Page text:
Online Video Call with Bible on Table
Photo by Dylan Ferreira / Unsplash

Feedback coaching is superior in several ways. The obvious point is that a coach can work remotely; checking in with 3-4 clients is far less taxing than three hour-long personal training sessions.

The pay structure is different too. Remote feedback coaching is often billed as a monthly subscription, in which runners can schedule video check-ins 2-4 times per month, along with direct messaging access via text or email. Compare this to a live personal training session— trainers are paid per session, and therefore, their pay is directly proportional to the number of coached sessions.

Because a coach's time and attention is limited, remote run coaching and live personal training are fundamentally different.

Benefits of remote coaching:

  • Net pay per time spent coaching is higher
  • More flexible schedule
  • Bigger clientele pool to pull testimonials from
  • Earn all revenue (no split with gyms)

After asking several run coaches and further Reddit spelunking, I gathered that the monthly rate for feedback coaching fall between $100-$200. This range may look insignificant when compared to a private session at Equinox for $140, but consider the math.

For starters, gyms take 30-70% of a trainer's share— but you knew that. Let's compare two possible scenarios and break down earnings by time.

  1. Feedback run coaching for $200/month:
  • 2 monthly video check-ins - 1 hour (2 x 30 minutes)
  • anytime texts/emails during business hours - 1 hour (4 x 15 minutes)
  • custom workout program with modifications - 2 hours

Total : $200 for 4 hours work $50/hour

2. Live personal training sessions for $100 ($800/month):

  • 8 private coaching sessions - 8 hours (2x/week)
  • custom workout program with modifications - 2 hours

Total : $800 for 10 hours work -> $80/hour

Adjusted for gym revenue share: $40/hour (50% cut)

This is obviously a rudimentary comparison; many independent trainers don't pay a 50% cut, and I might be underestimating the effort to design run programs.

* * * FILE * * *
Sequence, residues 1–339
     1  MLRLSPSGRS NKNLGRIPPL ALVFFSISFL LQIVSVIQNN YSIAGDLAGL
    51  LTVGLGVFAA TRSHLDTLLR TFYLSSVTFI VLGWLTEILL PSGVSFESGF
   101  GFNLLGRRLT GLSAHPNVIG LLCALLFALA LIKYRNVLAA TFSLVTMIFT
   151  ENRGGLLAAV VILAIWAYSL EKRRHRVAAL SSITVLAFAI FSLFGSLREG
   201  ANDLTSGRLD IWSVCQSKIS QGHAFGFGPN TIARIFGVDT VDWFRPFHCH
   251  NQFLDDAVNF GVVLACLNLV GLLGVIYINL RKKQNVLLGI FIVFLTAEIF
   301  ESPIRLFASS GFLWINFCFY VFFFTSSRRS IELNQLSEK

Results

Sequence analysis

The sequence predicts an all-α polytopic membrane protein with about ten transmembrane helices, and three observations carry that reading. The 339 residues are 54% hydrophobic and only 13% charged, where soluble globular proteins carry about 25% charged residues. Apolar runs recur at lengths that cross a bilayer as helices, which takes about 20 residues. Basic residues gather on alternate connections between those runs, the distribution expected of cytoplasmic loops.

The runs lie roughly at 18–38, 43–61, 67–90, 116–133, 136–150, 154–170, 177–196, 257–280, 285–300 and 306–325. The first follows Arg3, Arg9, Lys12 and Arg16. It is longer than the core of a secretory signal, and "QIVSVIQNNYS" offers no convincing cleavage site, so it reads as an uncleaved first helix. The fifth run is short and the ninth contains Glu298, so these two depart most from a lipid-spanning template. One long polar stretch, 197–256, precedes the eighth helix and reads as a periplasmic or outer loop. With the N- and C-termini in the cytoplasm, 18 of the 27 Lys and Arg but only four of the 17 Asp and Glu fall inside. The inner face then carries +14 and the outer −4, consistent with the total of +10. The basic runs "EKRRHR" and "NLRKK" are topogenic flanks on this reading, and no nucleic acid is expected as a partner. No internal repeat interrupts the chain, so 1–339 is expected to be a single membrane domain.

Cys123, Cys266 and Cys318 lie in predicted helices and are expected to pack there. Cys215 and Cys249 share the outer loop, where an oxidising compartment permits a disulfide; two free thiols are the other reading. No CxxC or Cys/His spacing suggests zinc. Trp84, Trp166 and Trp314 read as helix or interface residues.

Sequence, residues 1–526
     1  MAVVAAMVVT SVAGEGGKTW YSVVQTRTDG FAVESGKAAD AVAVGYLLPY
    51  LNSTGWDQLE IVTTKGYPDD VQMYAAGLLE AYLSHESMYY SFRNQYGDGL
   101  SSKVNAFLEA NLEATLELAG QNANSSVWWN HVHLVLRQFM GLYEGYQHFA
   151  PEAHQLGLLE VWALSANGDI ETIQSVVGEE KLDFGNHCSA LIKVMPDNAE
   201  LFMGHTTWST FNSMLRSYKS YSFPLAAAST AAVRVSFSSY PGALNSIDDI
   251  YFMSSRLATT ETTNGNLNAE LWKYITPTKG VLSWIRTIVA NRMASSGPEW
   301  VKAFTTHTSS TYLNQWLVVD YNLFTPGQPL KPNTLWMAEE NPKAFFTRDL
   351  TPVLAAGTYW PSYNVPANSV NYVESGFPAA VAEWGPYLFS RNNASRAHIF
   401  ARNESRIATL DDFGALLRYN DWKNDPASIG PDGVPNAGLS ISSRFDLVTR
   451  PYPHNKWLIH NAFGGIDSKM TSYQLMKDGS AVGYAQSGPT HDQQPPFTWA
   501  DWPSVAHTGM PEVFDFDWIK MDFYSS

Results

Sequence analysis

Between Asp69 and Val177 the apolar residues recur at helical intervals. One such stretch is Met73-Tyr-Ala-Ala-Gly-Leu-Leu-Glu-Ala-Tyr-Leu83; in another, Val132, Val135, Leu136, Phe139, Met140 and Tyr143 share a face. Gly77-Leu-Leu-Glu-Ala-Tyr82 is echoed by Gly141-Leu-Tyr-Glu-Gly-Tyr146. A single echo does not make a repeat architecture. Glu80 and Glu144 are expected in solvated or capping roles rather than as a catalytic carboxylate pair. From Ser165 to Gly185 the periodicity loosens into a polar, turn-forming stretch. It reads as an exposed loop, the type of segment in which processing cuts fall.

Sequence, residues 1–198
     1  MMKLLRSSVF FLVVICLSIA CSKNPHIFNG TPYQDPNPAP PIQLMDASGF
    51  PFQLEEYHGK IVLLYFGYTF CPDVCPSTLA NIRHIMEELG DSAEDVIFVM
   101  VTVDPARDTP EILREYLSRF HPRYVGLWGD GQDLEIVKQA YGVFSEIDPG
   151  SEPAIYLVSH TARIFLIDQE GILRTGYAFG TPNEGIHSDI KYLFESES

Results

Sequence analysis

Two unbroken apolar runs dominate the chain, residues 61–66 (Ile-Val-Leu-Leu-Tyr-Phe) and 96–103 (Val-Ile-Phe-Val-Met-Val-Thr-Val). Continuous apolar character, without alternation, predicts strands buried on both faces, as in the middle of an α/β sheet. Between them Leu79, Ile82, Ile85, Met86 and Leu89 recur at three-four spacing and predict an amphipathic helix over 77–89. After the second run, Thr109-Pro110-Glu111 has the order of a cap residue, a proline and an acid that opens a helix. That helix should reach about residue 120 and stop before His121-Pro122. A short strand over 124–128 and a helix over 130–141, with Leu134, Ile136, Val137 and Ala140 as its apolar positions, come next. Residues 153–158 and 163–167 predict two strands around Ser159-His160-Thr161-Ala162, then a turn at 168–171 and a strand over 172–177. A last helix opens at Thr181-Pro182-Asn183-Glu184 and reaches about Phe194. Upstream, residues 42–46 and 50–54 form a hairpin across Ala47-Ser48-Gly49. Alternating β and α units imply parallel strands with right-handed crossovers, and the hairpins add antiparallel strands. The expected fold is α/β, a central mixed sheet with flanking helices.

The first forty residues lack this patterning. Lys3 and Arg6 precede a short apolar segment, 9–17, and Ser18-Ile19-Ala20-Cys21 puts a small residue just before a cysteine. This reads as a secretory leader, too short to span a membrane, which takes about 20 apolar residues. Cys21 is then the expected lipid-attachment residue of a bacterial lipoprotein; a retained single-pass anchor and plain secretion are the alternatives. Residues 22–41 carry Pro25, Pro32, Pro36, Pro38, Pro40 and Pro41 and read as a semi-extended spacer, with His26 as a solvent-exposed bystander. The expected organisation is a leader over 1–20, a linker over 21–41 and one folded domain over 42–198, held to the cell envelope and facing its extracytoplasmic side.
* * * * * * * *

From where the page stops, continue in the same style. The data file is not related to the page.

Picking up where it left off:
The clear downside to feedback coaching is that it only succeeds with a healthy supply of clients, say over 20. A larger clientele capacity, though, propels social media and client testimonials.

If we assume remote running clients churn more than personal training clients (seasonal change or only training for an upcoming race), run coaches will have more new clients than personal trainers have over time. (This could be a bad thing too— new clients require additional upfront work.)

Even with a low website authority, Kai ranks Page 1 on "run coach near me" (I'm in New York) through his Google Business listing of 43 positive reviews.

More new clients means more possible testimonials a coach can ask clients to post on Google Business, Instagram Stories, and Facebook Page reviews. As far as website algorithms can tell— a positive review from a 2-month long client is the same as a review from a 2-year long client.

3/3. Paid running groups and teams

Photo by Fitsum Admasu / Unsplash

Lastly, I mentioned earlier that advanced runners often benefit from joining a running club or team. The coaches are often runners themselves, and running in groups add live accountability, support and competitive spirit. Most running groups are free, but there are paid ones too, like the Dashing Whippets in NYC. Paid run clubs typically charge less than $50 per year, which cover costs like T-shirts, indoor track fees and occasional group outings.

Of all options, I hypothesized that running groups offered the least opportunity for up-selling personal training services. After speaking with a friend in touch with the Dashing Whippets, there are in fact several runners who pay for private coaching on top of running with the Whippets group.

In general though, I still suspect runners in less-advanced groups to find the coaching and workouts provided by their yearly membership as sufficient enough.

Part 2

In my next post, I'll dive into some SEO analytics for running demand post COVID-19 lockdowns, and some opportunities that personal trainers should look into if they plan on working with runners.